elgium’s cofinancingpartnership with the AsianDevelopment Bank (ADB)has focused on technical assistanceprojects and participation in ADB’sefforts to fight climate change.In Asia, this has includedseveral technical assistance grantsto projects in Viet Nam—whereBelgium concentrates assistancein the region—and commitmentsto two carbon funds under ADB’sCarbon Market Program.The Belgian governmenthas pledged to raise officialdevelopment assistance to at least0.7% of gross national income,the internationally acknowledgedtarget. And it has been makingsteady progress, reaching 0.64% in2010, a significant increase from0.43% in 2007.Belgium’s developmentaid covers a broad field,offering ample opportunity forcooperation with ADB. Thisincludes agriculture and foodsecurity, Aid for Trade, children’srights, education and training,environment and climate change,eradication of poverty andhunger, gender issues,health care, infrastructure,migration and development,promotion of the private sector,and conflict prevention. ADB’s Strategy 2020 putsits core operational focus oninfrastructure, education,environment, finance sectordevelopment, and regionalcooperation and integration.The International andEuropean Financial Affairsdepartment of the BelgianFederal Treasury handlesrelations with the internationalfinancial institutions. TheDirectorate-General forDevelopment Cooperation within the Department of Foreign Affairs, Foreign Tradeand Development Cooperationdrafts cooperation policiesand monitors governmentalcooperation programs. TheBelgian Technical Cooperationagency has exclusive authority toformulate and implement directbilateral cooperation.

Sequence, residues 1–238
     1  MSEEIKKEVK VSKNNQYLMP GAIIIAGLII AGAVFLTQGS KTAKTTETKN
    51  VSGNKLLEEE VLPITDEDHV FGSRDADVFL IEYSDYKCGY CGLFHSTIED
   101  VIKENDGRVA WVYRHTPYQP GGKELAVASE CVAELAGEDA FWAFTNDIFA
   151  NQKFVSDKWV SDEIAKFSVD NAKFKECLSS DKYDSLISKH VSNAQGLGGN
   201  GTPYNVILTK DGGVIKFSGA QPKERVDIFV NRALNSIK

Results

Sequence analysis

See pages 6–7 for priority countriesin Asia and highlights of assistance.See tables, pages 8–9, forcofinancing with ADB.
Belgium’s aid reached 0.64% of gross national incomein 2010, well up from a recent low of 0.43% in 2007